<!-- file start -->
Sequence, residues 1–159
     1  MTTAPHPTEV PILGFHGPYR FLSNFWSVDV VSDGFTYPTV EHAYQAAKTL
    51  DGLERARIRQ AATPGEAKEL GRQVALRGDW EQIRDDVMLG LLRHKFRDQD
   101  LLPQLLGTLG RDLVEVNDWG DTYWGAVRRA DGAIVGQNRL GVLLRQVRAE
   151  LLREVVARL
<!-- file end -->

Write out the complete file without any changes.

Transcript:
Sequence, residues 1–159
     1  MTTAPHPTEV PILGFHGPYR FLSNFWSVDV VSDGFTYPTV EHAYQAAKTL
    51  DGLERARIRQ AATPGEAKEL GRQVALRGDW EQIRDDVMLG LLRHKFRDQD
   101  LLPQLLGTLG RDLVEVNDWG DTYWGAVRRA DGAIVGQNRL GVLLRQVRAE
   151  LLREVVARL